• Make feedback a positive and expected experience – don’t use the dreaded words “I want to give you some feedback”.
  • Be disciplined about scheduling one to ones – make them a priority.
  • Give five times the amount of positive feedback as negative to build self-belief (unless there is a performance problem). This is because we naturally pay more attention to the negative.  Of course this feedback must be authentic.
  • Use the “do it and review it” approach to learn from situations – what went well/not so well/what to do differently next time.

Delegate to Give Freedom
We have a psychological need for freedom, and when we have some freedom over how we do our jobs, and accountability for the results, we are more likely to persist.  Think about what you can do to give people more choice and control over their work.

  • Let them set their own goals and plans to achieve them.
  • Clarify roles, responsibilities, and accountability.
  • Give some freedom and choice in how, when, where they work.
  • Delegate areas of responsibility when you can – with support.

Connect to Create Belonging
We are social beings. Feeling that you belong to a team, a group, an organisation, is a fundamental part of our social existence.  There is evidence that having connections with others makes people more resilient.  This can be more difficult with remote and hybrid teams.  What can you do to create connections? 

  • Have times when you bring the team together in person i.e. schedule when you are all in.
  • Make time for chat in the team and casual conversations e.g.; open calls 15 mins early, have “tea at three” virtual sessions where anyone can drop in.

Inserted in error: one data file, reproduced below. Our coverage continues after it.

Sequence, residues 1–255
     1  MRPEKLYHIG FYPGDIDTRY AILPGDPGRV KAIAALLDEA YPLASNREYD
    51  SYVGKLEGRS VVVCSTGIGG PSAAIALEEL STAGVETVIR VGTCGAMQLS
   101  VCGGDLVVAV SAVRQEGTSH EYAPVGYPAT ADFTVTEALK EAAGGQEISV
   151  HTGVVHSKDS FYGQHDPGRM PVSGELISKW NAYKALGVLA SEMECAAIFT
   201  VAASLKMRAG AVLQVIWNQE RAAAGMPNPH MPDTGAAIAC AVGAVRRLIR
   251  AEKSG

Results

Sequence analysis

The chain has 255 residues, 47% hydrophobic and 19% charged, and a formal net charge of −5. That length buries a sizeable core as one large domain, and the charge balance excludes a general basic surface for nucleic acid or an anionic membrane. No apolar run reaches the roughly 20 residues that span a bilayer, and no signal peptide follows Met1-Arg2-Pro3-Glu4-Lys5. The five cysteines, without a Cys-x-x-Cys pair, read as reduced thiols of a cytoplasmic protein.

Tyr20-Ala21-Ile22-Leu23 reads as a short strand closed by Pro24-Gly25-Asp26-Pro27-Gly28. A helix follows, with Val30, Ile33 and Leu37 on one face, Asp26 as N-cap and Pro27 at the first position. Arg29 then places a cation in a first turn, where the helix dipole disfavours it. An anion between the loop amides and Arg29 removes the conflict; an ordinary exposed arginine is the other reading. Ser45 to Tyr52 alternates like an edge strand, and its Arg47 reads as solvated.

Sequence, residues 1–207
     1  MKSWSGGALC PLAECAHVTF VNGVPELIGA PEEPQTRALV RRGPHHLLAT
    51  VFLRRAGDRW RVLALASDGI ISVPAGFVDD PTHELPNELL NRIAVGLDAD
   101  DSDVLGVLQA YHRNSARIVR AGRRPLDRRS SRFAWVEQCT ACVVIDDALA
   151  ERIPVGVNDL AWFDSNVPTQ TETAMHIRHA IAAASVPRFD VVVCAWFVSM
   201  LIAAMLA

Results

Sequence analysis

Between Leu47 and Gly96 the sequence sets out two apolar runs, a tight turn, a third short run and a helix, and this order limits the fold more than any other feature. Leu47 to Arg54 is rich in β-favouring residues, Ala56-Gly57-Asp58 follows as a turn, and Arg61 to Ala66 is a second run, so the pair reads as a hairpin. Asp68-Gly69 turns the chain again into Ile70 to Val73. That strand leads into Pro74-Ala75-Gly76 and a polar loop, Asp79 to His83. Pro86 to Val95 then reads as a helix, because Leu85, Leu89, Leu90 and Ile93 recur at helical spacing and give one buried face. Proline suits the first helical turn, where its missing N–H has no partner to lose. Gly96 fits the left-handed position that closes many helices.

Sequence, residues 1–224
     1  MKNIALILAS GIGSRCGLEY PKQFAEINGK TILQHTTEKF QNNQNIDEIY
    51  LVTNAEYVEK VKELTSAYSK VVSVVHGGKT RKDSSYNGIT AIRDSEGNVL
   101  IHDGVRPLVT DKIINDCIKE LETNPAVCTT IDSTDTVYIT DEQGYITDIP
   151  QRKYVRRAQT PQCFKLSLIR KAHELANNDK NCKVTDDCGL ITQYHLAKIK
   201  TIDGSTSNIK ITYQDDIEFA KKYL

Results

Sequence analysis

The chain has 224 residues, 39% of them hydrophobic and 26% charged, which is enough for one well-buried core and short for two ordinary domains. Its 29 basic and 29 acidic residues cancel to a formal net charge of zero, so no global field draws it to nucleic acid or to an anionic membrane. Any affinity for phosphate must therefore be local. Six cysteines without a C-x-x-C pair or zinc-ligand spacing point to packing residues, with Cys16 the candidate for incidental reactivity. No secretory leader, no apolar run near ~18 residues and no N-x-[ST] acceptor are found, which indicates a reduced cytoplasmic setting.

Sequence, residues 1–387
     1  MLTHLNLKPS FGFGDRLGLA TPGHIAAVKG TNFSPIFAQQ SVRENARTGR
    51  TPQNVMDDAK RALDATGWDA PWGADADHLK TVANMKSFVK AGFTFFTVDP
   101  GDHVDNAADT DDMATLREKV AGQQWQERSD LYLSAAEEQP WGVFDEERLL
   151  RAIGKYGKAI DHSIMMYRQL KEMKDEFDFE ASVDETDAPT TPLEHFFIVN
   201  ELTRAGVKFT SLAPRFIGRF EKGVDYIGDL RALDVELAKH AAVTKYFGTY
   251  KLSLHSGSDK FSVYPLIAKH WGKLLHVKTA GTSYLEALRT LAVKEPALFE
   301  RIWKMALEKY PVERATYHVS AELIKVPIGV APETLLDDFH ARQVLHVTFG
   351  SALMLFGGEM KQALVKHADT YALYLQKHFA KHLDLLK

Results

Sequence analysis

• Always use face to face for difficult conversations.
  • Show empathy for problems and make time to talk.
  • Remember to look after your own physical, mental, and emotional health – if you are struggling, this will ripple out to your team members.

These leadership capabilities – Engage, Develop, Delegate and Connect – answer that fourth question about what practical behaviours you can implement to keep your teams motivated and performing at their best.  For more ideas, see my book: Motivation: The Ultimate Guide to Leading Your Team


Catherine Stothart

Catherine Stothart is a Leadership Coach working with multi-national companies including Airbus and Google.  Her best-selling first book, How to Get On with Anyone, (2018, Pearson) is a guide to understanding others and communicating with confidence and charisma.   Her latest book, Motivation: The Ultimate Guide to Leading your Team, sets out how to lead others to fulfil their purpose and potential.  Readers can get 20% off for orders placed by 31st December, using discount code FLE22.

Follow Catherine on LinkedIn and Twitter and sign up for her monthly Mastering Motivation

Disclaimer: The ideas, views, and opinions expressed in this article are those of the author and do not necessarily reflect the views of International Institute for Learning or any entities they represent.